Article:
Exemptions in the Affordable Care Act for Grandfathered Plans

Copyright © 2014 AARP. All rights reserved.

Certain types of insurance plans are considered grandfathered and, therefore, are subject to only some of the ACA’s provisions, not all of them. What defines a grandfathered plan is quite specific.

A grandfathered plan refers to individual and employer plans that were in existence by the day the ACA was signed into law (March 23, 2010) and have stayed basically the same since that date.

You may have enrolled in your employer plan after that date, but if the plan existed and has stayed basically the same since March 23, 2010, it may be a grandfathered plan. If you enrolled in a plan sold in the individual market after that date, your plan isn’t grandfathered.

The first item to know is that your insurance company or employer must inform you if you have a grandfathered plan. In the information you receive explaining plan benefits, the insurer or employer must state whether a plan is grandfathered; you shouldn’t have to do any guesswork.

Over time, plans that are currently grandfathered may change coverage to remain competitive and profitable; they would then lose that grandfathered status and need to comply with the ACA.

If your plan is grandfathered, here’s what you need to keep in mind:

  • As with all insurance plans, the grandfathered plan must adhere to these ACA provisions:

    • It cannot place a lifetime limit on coverage.

    • It cannot terminate someone’s insurance coverage unless that person has purposely given false information when applying or has neglected to pay the premiums.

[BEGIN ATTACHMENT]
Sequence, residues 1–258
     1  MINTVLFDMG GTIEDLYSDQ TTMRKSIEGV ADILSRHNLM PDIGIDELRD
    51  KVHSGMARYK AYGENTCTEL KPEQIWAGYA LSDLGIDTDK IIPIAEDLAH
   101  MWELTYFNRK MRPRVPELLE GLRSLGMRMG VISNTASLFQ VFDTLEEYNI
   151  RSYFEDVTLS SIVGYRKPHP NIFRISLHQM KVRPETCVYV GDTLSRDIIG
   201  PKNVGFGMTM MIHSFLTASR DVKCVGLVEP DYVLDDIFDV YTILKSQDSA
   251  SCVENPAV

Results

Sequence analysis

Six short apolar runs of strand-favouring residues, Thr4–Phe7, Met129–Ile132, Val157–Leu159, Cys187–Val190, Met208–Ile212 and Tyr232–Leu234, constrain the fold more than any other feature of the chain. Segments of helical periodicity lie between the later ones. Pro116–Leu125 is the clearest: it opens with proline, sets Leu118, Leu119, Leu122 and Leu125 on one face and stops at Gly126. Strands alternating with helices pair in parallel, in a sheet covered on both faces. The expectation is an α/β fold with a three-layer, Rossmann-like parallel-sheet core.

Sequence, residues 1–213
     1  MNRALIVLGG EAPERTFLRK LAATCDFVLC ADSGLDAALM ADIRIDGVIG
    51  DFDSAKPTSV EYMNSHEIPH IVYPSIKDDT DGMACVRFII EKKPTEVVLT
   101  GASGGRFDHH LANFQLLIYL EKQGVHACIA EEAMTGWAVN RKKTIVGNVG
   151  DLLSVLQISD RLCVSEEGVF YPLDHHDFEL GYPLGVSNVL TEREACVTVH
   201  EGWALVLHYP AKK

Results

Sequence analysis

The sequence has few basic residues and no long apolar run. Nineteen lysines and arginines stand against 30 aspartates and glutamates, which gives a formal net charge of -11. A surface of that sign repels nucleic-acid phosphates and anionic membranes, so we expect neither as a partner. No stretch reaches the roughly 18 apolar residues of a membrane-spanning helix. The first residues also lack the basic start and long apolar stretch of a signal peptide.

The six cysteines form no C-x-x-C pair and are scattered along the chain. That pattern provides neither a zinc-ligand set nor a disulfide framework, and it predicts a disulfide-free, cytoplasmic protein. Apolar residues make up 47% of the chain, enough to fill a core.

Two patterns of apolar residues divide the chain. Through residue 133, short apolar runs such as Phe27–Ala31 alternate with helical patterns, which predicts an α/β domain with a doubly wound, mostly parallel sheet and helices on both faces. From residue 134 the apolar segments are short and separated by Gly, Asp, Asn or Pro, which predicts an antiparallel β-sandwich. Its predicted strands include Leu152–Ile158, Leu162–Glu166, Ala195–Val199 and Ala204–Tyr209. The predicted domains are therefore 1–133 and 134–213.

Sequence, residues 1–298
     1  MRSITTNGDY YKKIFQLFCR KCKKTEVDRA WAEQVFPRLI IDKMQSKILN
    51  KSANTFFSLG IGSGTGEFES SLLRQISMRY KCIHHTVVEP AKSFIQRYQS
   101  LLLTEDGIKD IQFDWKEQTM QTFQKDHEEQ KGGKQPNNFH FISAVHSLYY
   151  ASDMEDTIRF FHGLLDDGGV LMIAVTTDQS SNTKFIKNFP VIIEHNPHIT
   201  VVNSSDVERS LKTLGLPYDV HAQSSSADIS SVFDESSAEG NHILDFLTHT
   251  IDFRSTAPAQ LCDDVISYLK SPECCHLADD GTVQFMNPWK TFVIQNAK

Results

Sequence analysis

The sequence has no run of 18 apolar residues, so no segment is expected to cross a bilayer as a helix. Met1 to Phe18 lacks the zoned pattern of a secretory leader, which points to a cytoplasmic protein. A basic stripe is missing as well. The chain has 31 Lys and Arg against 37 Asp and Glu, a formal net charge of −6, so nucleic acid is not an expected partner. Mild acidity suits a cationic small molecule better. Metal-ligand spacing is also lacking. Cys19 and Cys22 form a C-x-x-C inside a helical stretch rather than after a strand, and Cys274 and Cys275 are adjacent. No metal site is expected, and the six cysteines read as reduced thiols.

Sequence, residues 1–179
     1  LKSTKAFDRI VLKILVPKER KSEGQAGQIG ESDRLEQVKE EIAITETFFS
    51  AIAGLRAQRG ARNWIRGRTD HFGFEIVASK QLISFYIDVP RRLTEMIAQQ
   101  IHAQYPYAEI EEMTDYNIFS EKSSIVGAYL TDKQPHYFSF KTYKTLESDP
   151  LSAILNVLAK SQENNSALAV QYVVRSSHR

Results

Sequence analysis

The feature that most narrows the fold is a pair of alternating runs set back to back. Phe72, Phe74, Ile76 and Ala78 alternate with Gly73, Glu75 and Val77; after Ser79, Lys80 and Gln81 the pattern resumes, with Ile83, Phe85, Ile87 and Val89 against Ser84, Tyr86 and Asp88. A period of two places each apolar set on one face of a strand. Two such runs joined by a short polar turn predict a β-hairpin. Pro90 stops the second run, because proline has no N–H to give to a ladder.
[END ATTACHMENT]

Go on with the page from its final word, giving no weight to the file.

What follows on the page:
• It must allow adult children up to age 26 to get coverage under a parent’s family insurance plan.

    • It must provide a Summary of Benefits and Coverage to its existing customers.

    • It must spend at least 80 percent of the premiums it collects on healthcare costs or quality improvements (instead of on overhead, administrative costs, or marketing).

  • Unlike other private insurance plans, a grandfathered plan isn’t required to do the following (although it may do so voluntarily to provide better service and compete more effectively with other plans):

    • Cover the essential health benefits required by the ACA

    • Allow you to choose your own doctor from within its network of providers

    • Let you use an out-of-network emergency room without paying more than you would for in-network care

    • Limit your out-of-pocket expenses

    • Set premium levels based only on certain criteria

    • Grant you the right to appeal its decisions, such as the denial of a claim

    • Publicly state why its premiums are increasing by 10 percent or more

  • Also, if you have an individual grandfathered plan — one that you purchased yourself, not through your workplace — that plan may still have annual limits on coverage and may be able to deny coverage for preexisting conditions.

    If you have a private individual insurance plan that you bought for yourself or your family, definitely find out whether it’s grandfathered. If it is, you may want to at least do some comparison shopping on the Health Insurance Marketplace in your state.

    Your grandfathered plan is required to give you a Summary of Benefits and Coverage (SBC), which makes it fairly easy to compare what you’ve got with other plans that are available to purchase.

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